“Thanks to art, instead of seeing one world only, our own, we see that world multiply itself and we have at our disposal as many worlds as there are original artists.” Marcel Proust
Painting plein air may seem like a straight forward process. Once you get to the location, you set the easel, squeeze plenty of paints on the palette, get the brushes, and start to create on the canvas a resemblance of the landscape stretching ahead. Sky, earth, trees, bushes, grass, people, houses, fences – the elements offers themselves in abundance, eager to get their place on canvas. Many painters skillfully work their way to create a copy of the nature. Some even use a view finder attached to their easel at eye level, and paint exactly and precisely what they see through the cut-out. Their work is correct, but a hard-to-express dissatisfaction lingers as you see the result. There is nothing obvious to complain about: the proportions are right, the perspective convincing, the drawing holds together, the colors are realistically represented. It is almost irritating that such masterly skills were used for such a limited purpose - a mirror-like rendering of the nature.
And then you watch another artist at work. First she seems to idle, taking her time, more interested to wander around than to start the painting. She looks up at the sky for a long time, in all directions, and slowly sets up her easel. She is “feeling” the place, allows it to decant through her senses, and waits to see what holds her attention today, in this light. There may be many elements in the landscape, but only a few will make it through the artist’s process of selection, and will become part of the final composition. Finally, all the materials are ready. The painter is taking some time to stare at the blank canvas. She is painting first with her mind’s eye. Once a feeling of the place is identified, different compositions are virtually painted and discarded, different color schemes are virtually tested. Sometimes a couple of stamp-size drawing and oil studies are done rapidly, to condense and capture a passing light effect. Finally, the visible work starts. It seems easy, and it progresses rapidly. An hour or two later, it is time to stop, as the light is completely different, and the landscape is practically transformed. It is time to put away the canvas.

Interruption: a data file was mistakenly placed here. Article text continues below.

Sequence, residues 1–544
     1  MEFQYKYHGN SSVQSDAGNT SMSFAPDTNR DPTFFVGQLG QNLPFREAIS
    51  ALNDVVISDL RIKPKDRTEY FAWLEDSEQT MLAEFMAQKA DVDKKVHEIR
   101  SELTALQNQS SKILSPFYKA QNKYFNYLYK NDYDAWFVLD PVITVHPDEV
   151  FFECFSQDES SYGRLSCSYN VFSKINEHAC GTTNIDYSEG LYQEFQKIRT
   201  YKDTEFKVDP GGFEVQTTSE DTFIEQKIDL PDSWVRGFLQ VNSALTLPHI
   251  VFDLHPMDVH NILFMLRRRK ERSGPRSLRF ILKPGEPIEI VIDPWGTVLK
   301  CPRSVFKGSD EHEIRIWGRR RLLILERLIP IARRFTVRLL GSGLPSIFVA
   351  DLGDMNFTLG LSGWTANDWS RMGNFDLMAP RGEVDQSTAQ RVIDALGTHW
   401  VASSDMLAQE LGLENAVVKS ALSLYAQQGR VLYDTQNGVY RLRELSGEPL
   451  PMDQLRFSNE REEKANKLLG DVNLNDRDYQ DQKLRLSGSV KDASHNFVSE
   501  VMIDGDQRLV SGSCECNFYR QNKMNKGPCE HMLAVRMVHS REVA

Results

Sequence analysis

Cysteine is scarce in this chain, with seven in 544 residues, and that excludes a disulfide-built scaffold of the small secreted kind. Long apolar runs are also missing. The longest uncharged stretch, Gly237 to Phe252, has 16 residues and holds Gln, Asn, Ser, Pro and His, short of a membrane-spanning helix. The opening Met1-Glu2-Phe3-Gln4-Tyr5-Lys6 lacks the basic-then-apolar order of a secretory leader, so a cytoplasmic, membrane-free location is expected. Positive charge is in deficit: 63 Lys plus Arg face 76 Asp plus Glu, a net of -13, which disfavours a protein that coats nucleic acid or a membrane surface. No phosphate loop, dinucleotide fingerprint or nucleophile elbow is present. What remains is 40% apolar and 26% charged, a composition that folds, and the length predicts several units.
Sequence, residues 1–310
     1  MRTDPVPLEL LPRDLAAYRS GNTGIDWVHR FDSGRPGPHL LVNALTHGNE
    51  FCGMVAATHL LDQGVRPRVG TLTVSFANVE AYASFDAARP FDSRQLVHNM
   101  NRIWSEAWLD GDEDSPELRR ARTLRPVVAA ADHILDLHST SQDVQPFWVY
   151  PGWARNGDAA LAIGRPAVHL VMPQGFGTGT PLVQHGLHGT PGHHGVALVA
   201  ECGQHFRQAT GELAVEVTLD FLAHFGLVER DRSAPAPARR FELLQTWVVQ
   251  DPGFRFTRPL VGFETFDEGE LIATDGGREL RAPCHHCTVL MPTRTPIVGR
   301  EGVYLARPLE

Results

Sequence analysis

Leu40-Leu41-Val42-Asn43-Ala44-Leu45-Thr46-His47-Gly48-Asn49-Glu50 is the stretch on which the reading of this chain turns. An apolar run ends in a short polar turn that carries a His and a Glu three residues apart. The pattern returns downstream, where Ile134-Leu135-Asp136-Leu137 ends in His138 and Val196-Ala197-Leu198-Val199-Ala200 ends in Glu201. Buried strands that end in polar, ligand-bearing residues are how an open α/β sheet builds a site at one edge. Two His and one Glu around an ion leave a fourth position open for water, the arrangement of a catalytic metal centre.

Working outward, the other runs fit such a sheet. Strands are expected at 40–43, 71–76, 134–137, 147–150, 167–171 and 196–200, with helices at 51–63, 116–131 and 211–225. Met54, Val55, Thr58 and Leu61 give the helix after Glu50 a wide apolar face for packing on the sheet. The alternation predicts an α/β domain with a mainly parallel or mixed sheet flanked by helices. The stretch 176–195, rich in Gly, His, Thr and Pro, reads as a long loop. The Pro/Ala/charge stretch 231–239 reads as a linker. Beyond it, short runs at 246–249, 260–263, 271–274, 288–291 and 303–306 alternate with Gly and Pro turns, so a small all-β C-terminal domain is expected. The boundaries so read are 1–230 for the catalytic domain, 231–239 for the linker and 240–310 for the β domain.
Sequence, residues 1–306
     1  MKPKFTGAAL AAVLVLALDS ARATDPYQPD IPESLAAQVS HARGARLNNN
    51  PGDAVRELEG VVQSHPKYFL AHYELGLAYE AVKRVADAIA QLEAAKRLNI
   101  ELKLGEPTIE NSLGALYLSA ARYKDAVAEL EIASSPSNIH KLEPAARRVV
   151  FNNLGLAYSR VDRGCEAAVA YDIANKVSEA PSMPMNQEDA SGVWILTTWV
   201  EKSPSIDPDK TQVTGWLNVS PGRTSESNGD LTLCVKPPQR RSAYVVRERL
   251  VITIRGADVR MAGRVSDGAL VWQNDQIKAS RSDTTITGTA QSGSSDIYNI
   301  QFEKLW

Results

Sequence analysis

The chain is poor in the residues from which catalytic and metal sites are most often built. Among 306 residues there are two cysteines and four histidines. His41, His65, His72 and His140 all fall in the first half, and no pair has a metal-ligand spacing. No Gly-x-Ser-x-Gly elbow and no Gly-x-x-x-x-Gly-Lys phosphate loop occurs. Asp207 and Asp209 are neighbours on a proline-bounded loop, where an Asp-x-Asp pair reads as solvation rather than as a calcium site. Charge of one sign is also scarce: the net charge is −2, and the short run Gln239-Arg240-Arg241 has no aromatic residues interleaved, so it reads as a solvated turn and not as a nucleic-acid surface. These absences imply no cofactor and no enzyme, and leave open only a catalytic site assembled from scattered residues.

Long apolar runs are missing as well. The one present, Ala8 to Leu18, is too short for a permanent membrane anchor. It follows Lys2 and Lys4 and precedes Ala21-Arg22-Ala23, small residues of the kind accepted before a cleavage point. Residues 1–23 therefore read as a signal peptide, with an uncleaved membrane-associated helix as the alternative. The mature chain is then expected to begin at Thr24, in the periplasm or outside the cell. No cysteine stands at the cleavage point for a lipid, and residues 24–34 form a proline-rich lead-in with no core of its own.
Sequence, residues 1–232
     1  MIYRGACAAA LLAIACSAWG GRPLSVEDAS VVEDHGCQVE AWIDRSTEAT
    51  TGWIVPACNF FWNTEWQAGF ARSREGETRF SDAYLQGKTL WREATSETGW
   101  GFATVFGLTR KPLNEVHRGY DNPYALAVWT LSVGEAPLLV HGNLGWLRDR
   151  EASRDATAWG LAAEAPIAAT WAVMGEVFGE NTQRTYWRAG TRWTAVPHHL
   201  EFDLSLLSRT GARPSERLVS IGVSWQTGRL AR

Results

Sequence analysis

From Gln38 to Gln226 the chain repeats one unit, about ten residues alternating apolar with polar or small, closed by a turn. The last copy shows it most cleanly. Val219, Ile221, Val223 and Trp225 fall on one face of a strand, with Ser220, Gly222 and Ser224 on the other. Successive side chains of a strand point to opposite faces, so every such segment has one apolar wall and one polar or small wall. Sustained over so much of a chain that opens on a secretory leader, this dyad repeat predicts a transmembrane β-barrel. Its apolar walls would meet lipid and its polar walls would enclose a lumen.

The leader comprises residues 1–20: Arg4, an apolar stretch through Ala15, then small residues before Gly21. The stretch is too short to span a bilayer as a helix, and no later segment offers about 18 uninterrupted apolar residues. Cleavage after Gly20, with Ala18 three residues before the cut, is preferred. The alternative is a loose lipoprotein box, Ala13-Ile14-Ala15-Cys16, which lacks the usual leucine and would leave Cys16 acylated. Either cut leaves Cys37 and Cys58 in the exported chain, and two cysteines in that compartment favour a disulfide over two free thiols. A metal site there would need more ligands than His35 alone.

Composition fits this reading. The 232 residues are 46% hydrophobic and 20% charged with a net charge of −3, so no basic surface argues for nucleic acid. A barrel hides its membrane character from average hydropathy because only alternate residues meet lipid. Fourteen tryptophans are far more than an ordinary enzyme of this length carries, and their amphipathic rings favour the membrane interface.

Later, in the studio, the artist takes another look at the plein air work. Some purists consider unacceptable to make any changes in the studio, but I favor any chance to improve the painting. The flavor of the vision lingers, and some touchup refines the piece. Here is an example: the plein air work, and its touchup version done in the studio.
The Magic Show, oil on canvas, 10 x 10 in